Several suspects in the killing of Sibai prosecutor Khenif Qarachurin (see "RFE/RL Tatar-Bashkir Report," 24 and 29 December 2003) have been detained, including the former head of the Sibai Raion's traffic-inspection department, an RFE/RL Ufa correspondent reported on 2 April. Bashkortostan's acting prosecutor, Mikhail Zelepukin, said the former traffic official is believed to have contracted Qarachurin's murder. Qarachurin was shot to death in his Sibai apartment in late December.

Prosecutors Report Violations In Bashkortostan's Interior Bodies
Bashkir prosecutors addressed two documents to Russian Interior Minister Rashid Nurgaliev in March alleging that employees of the republican Interior Ministry and the Beloretsk Raion broke the law, "Nezavisimaya gazeta" reported on 2 April. The documents list torture and physical violence against suspects, involvement in narcotics trafficking, and bribe taking among the alleged improprieties.

Some 124 criminal cases were filed against law-enforcement officials in 2003, 58 of which have been turned over to the courts. Twenty-five more investigations have been opened this year, most of which involve suspected abuses of power, cover-ups, or bribes. The Federal Interior Ministry is currently probing Bashkortostan's law-enforcement authorities for wrongdoing.

Compiled by Gulnara Khasanova

Kurgan Election Official Denies Launch Of Merger Focus Group...
Kurgan Oblast Election Commission Deputy Chairman Valerii Melnikov told Regnum on 2 April that the report spread by several media organizations about the registration of an initiative group to work on the merger of the Kurgan and Sverdlovsk oblasts is a "bad 1 April joke." Several news agencies reported that the group was registered by the Kurgan Oblast Election Commission at its 31 March session. Melnikov said no commission session was held on 31 March and there were no appeals on the issue. "Novyi region" reported on 1 April that the registered group is charged with collecting about 20,000 signatures in favor of a referendum, possibly to be held in December in parallel with the oblast's gubernatorial elections. The news agency also reported a similar group had been formed in Sverdlovsk Oblast.

...As Governor Bogomolov Strongly Opposes Merger At Meeting With Putin
Following his 31 March meeting with President Vladimir Putin, Kurgan Oblast Governor Oleg Bogomolov said the Russian president "did not consider and is not considering the idea of a merger of [Kurgan, Sverdlovsk, and Chelyabinsk] oblasts and is not going to do anything in this respect." Bogomolov said that Putin had commented that the merger "is not an aim in itself." Bogomolov said Putin complained about Sverdlovsk Oblast Governor Eduard Rossel who, he said, does not have any moral or legal right to initiate the merger. Putin reportedly promised to talk to Rossel about this issue. Major attention at the meeting was paid to the poor economic situation in the oblast, reported on 1 April citing "Novyi region." An unidentified official in the Kurgan Oblast delegation told "Novyi region" that Putin said the Kurgan Oblast is among the least prosperous regions in Russia and charged Governor Bogomolov with taking measures to improve the situation.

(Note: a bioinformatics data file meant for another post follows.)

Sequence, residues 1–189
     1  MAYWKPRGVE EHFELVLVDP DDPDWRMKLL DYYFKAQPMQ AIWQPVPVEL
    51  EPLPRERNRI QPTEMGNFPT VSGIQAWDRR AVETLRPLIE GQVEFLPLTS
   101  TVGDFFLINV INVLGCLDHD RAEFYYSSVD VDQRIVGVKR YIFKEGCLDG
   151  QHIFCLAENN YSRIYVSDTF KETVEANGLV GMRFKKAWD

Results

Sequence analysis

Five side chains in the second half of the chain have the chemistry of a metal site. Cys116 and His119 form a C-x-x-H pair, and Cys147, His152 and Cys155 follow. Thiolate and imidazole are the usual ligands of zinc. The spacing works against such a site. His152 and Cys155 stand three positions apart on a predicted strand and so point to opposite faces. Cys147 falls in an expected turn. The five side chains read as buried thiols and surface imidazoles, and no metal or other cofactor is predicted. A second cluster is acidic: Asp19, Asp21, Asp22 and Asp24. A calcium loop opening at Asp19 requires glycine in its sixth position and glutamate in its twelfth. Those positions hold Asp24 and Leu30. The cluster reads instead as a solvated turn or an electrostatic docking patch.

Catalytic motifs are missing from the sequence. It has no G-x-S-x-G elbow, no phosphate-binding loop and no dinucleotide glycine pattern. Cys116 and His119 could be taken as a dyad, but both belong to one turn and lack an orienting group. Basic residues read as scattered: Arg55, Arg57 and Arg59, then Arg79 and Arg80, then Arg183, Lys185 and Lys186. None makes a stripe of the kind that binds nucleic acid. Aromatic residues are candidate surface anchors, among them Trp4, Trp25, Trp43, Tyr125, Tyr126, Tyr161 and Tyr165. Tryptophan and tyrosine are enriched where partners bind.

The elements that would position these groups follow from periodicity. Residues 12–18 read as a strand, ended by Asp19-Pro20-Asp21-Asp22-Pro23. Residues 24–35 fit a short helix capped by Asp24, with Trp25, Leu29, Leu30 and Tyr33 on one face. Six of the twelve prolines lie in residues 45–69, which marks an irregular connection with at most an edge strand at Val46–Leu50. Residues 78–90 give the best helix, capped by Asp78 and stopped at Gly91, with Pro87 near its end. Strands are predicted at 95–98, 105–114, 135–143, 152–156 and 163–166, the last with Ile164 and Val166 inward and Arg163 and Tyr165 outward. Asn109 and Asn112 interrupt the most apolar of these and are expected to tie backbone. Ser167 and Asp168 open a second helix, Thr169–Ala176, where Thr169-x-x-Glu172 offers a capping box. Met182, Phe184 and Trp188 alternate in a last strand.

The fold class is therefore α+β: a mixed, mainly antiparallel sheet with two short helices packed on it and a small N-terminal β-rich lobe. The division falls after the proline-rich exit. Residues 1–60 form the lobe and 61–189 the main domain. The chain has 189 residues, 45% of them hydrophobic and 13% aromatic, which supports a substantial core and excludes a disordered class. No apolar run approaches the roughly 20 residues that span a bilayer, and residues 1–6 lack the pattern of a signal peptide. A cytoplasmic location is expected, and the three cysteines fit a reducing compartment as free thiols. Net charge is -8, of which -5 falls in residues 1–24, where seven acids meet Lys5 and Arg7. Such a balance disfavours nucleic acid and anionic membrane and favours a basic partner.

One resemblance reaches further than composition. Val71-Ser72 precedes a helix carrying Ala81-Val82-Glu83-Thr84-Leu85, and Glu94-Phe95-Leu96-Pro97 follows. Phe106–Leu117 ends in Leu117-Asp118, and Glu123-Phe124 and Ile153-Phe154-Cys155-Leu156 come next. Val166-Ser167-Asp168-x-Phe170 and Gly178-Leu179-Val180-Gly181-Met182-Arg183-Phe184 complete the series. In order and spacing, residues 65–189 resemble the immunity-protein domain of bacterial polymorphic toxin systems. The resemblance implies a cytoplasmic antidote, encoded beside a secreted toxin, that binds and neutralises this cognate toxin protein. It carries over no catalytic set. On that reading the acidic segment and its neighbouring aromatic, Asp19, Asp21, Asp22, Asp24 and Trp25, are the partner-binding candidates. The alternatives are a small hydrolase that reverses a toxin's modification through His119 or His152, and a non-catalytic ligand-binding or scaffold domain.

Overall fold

Suspected Arson Of Journalist's Car In Samara
A car belonging to Andrei Fedorov, editor in chief of the "Reporter" weekly and "Kommersant" correspondent, was set on fire in Samara on 29 March, reported. The fire started at 11 a.m. after Fedorov left his car near "Reporter's" office. According to a statement issued by the NGO Region-Samara on 30 March, Fedorov is an open opponent of Samara Mayor Georgii Limanskii. The paper has repeatedly published critical materials about the city authorities. The organization said it considers the incident an attempt on Fedorov's life.

Former Police Investigator Convicted Of Killing Suspect During Interrogation
The Sverdlovsk Oblast Serov Raion court sentenced on 2 April former police investigator Aleksandr Pershin to six years of imprisonment for the death of Eduard Smolyaninov while under interrogation, reported the same day, citing "Novyi region." Pershin is the third police officer to be convicted of beating Smolyaninov to death. Two others, Andrei Sereda and Andrei Lysov, were sentenced on 16 October 2003 to two and three years of imprisonment, respectively. A video of the interrogation was used as proof of Pershin's guilt at the trial. Unidentified experts at the trial said that extreme cruelty was normal in the police force.

400,000 Drug Addicts In Urals
Over 400,000 residents of the Ural Federal District are drug addicts, most of them men between 16 and 30 years old, Regnum reported on 30 March. The news agency cited the presidential envoy to the district as saying that $2 billion worth of heroin is trafficked every year from Kazakhstan through the Urals to central Russia and Europe.

Udmurt Government To Sell State Shares In Udmurtenergo, Izhstal
Udmurtia's State Council has approved the sale of state-owned shares in the Udmurtenergo energy company and the Izhstal steel company, Regnum reported on 30 March. Under the plan, 10 percent of Udmurtenergo and 53 percent of Izhstal will be sold off to cover the 2004 budget deficit of 1.3 billion rubles ($46 million). Meanwhile, the Udmurt government issued a resolution on 5 April saying the government will retain a blocking stake of over 25 percent in Izhstal, RosBalt reported on 5 April. The government has valued the stake at 271 million rubles.

Compiled by Gulnara Khasanova